[Uninteresting coincidence: in this NYT pre-finale analysis, I read the very same sentence “Power resides where people believe it resides” pronounced by Mikhail Gorbachov in the daunting Chernobyl series which I watched a few hours earlier.]

ODOF, not Hodor [statlearn 2017]

Posted in Books, Kids, pictures, Statistics, University life with tags , , , , , , , , on April 15, 2017 by xi'an

Will Winter ever come?!

Posted in Books, Kids, pictures with tags , , , , , , on January 16, 2016 by xi'an

Just read in my Sunday morning New York Times that George R.R. Martin had no clear idea when the sixth volume of a Song of Ice and Fire will be published. Not a major surprise given the sluggish pace of publishing the previous volumes, but I thought maybe working on the scenario for the TV Series Game of Thrones would have helped towards this completion. Apparently, it just had the opposite effect! While, as Neil Gaiman once put it in the most possible delicate way, “George Martin is not your bitch” and,  writers being writers, they are free to write when and whatever they feel like writing, there is this lingering worry that the sad story of the Wheel of Time is going to happen all over again. That the author will never end up the series and that the editor will ask another fantasy author to take over. Just as Brandon Sanderson did after Robert Jordan died. Thus I was musing over my tea and baguette whether a reverse strategy wasn’t better, namely to hire help now just to … help. Maybe in the guise of assistants sketching scenes for primary drafts that the author could revise or of an artificial intelligence system that could (deep) learn how to write like George Martin out of a sketchy plot. Artificial writing software is obviously getting against the very notion of an author writing a book, however it is plausible that by learning the style of this very author, it could produce early versions that would speed up the writing, while being tolerable by the author. Maybe. And maybe not. Winter is simply coming at its own pace…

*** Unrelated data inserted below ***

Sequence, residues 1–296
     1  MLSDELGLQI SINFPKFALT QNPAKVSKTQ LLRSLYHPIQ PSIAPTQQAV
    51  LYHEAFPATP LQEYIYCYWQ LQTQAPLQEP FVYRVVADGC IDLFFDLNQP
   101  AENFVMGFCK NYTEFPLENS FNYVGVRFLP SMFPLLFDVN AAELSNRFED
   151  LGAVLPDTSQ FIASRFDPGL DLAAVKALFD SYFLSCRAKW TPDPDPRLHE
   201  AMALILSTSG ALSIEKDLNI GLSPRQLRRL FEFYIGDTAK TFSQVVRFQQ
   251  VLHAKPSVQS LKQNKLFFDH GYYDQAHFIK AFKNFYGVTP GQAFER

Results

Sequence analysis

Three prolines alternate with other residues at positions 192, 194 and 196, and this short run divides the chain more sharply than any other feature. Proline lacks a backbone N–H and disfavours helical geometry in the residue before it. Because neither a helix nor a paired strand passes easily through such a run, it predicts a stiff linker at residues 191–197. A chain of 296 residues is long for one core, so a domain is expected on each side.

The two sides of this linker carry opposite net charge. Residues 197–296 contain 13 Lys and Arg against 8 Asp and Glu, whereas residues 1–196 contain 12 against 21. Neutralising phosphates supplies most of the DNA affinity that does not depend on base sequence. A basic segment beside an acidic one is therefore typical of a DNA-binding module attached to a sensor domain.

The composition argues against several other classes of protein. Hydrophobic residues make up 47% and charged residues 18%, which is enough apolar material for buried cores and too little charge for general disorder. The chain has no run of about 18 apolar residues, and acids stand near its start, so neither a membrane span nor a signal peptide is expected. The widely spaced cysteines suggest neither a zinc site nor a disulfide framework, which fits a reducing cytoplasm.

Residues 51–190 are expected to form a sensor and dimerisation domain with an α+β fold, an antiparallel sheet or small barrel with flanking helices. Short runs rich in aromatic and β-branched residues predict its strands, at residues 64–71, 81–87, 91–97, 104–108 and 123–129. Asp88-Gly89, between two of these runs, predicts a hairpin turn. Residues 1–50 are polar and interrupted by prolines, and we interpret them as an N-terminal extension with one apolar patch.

The winds of Winter [Bayesian prediction]